One Hundredth Post!

I’ve had this blog for a little under two years now, and today I finally hit my centurion milestone.

One hundred posts.

It doesn’t feel like I’ve written that many (probably because almost a third were dedicated to my {Thankful November} 0f 2011), but going back through the past two years to write this post was a treat.

It’s hard to believe how much has changed in my life since that first post back in March 2010 when I declared that I’d rather be in France. [If you’re curious about why I chose that as my url and the namesake of this blog, check out my first anniversary post.] For the first few months, I was pretty nervous about having a blog, worrying that I’d spell something wrong or that the whole thing was a silly idea, and it took a while for me to develop some sort of identity for this outlet (which drastically changed a year later). I was so terrified of my job finding out about my alternate career musings that I didn’t dare mention the fact that I was litigation attorney at a large law firm in New York City. Mass lay offs were rampant in the industry at that time.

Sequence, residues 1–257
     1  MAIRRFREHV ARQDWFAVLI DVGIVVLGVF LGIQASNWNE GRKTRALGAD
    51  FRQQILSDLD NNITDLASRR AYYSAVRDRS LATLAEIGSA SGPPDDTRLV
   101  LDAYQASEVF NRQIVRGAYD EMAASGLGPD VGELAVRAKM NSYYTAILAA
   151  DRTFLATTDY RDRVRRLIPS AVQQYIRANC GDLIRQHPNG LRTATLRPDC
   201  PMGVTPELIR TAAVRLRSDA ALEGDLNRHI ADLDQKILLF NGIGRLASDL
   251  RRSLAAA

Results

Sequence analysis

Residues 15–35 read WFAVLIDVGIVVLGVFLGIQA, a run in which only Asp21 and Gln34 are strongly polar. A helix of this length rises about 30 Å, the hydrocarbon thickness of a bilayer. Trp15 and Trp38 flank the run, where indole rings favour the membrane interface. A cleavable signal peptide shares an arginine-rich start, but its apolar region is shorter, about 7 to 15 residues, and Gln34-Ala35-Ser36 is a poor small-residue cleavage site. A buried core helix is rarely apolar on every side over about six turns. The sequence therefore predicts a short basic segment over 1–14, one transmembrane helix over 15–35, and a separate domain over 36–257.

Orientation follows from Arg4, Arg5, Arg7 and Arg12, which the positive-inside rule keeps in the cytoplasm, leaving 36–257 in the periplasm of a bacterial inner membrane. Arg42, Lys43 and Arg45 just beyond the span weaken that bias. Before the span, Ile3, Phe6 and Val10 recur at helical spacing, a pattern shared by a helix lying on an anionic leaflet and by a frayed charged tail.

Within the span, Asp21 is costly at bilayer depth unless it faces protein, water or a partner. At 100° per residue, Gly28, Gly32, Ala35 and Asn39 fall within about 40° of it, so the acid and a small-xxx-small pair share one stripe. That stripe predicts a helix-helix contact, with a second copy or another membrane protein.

It was only after I received a copy of Julia Child’s Mastering The Art Of French Cooking that I realized how much I love cooking French food and dedicated my posts accordingly. Like with the blog, I entered the field of French cuisine hesitantly. My first dish was boeuf bourguignon, and it was delicious.

I made some wonderful dishes during that first year, including a beautiful savory gâteau de crêpes. I learned how to slow-cook scrambled eggs during my “Petit Déjeuner Pour Une,” and I’ve been using that technique for Sunday brunches ever since.